Last Updated on May 7, 2024 by themubbi63

What exactly does it mean for a vicious dog breed? So many of them are big enough to do serious damage if they wanted to but it doesn’t seem to be the case with most breeds. Additionally, individual temperament, life experience, past traumas etc all play a part in how a dog reacts to a human being. These lists are mostly based off of recorded cases where a dog has attacked their owners. So let’s take a look at some breeds that are considered dangerous by most people.

List of all Vicious Dog Breeds

American Pit Bull Terrier

Sitting at the top of most lists is the American pit bull terrier which has become such a beloved pet and companion for so many people. With their liquid eyes, they don’t come off as dangerous. However, this breed has a dark history of being bred to take part in illegal dog fights. They’re also extremely muscular and powerful dogs and thus a bite from them can be fatal. More pit bulls have been known to turn against their owner than any other breed. While abusive owners are definitely a part of that, the naturally aggressive nature of this breed doesn’t help matters.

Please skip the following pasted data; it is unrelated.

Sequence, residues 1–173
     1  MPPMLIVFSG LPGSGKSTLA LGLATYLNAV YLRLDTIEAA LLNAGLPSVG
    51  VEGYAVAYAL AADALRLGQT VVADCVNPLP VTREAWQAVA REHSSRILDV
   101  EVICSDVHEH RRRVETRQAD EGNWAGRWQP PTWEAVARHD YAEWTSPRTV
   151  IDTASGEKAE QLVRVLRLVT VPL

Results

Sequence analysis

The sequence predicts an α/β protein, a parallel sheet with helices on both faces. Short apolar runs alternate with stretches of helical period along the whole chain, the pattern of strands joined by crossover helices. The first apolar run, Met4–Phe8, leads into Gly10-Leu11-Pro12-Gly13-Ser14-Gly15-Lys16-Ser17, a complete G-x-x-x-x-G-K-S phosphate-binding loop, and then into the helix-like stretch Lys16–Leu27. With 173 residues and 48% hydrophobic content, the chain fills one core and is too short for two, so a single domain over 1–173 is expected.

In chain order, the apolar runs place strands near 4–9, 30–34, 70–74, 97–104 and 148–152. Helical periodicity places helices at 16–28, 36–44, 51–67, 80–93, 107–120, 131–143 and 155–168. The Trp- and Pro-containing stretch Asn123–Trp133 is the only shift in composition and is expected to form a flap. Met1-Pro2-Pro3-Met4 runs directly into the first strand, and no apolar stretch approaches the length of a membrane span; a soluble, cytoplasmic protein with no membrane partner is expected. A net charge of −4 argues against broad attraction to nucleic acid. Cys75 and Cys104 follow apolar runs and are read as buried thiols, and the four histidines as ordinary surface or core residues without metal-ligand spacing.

An extremely intelligent breed that is known for being great guard dogs, the rottweiler often gets a bad rep of being dangerous. But at the same time, the fact that the rottweiler is so loyal and devoted to their owner can be bad news for outsiders. These dogs have just a slightly lower body count than the pit bull and they can get very aggressive towards visitors coming into their home. Proper training and socialization is very necessary to prevent this and a lot of inexperienced dog owners might not know how to manage this problem.

German Shepherd

Known as one of the most hardworking dogs in the world, German shepherds have served as police dogs for a long time. They’re so intelligent and protective that they serve as watchdogs and in the police and military around the world. However, they do also have a mean streak and can be very wary around strangers which can lead to violent encounters. Large and powerful dogs with a very high bite force, the German shepherd has been responsible for several lethal and non-lethal bites in the last couple of decades.

American Bulldog